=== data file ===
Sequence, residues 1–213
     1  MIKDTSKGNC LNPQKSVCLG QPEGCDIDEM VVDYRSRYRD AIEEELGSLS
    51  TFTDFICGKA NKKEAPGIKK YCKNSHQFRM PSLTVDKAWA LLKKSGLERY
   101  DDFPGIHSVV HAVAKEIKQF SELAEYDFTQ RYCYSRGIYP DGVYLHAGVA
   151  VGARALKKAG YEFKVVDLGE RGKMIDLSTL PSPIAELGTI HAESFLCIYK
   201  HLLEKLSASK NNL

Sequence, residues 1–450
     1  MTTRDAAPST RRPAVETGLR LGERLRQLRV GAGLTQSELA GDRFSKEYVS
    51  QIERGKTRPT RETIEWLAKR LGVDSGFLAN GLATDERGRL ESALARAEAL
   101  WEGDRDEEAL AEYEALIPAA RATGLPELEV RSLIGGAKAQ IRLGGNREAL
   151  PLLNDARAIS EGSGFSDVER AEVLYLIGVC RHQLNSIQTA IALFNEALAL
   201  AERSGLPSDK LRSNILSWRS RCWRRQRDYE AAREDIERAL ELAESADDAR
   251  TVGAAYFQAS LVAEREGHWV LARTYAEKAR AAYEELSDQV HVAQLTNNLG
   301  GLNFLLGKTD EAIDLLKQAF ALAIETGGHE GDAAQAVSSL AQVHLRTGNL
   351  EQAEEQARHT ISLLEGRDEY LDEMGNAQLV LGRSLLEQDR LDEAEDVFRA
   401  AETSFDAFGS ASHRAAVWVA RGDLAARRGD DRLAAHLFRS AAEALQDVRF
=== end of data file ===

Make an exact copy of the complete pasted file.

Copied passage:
Sequence, residues 1–213
     1  MIKDTSKGNC LNPQKSVCLG QPEGCDIDEM VVDYRSRYRD AIEEELGSLS
    51  TFTDFICGKA NKKEAPGIKK YCKNSHQFRM PSLTVDKAWA LLKKSGLERY
   101  DDFPGIHSVV HAVAKEIKQF SELAEYDFTQ RYCYSRGIYP DGVYLHAGVA
   151  VGARALKKAG YEFKVVDLGE RGKMIDLSTL PSPIAELGTI HAESFLCIYK
   201  HLLEKLSASK NNL

Sequence, residues 1–450
     1  MTTRDAAPST RRPAVETGLR LGERLRQLRV GAGLTQSELA GDRFSKEYVS
    51  QIERGKTRPT RETIEWLAKR LGVDSGFLAN GLATDERGRL ESALARAEAL
   101  WEGDRDEEAL AEYEALIPAA RATGLPELEV RSLIGGAKAQ IRLGGNREAL
   151  PLLNDARAIS EGSGFSDVER AEVLYLIGVC RHQLNSIQTA IALFNEALAL
   201  AERSGLPSDK LRSNILSWRS RCWRRQRDYE AAREDIERAL ELAESADDAR
   251  TVGAAYFQAS LVAEREGHWV LARTYAEKAR AAYEELSDQV HVAQLTNNLG
   301  GLNFLLGKTD EAIDLLKQAF ALAIETGGHE GDAAQAVSSL AQVHLRTGNL
   351  EQAEEQARHT ISLLEGRDEY LDEMGNAQLV LGRSLLEQDR LDEAEDVFRA
   401  AETSFDAFGS ASHRAAVWVA RGDLAARRGD DRLAAHLFRS AAEALQDVRF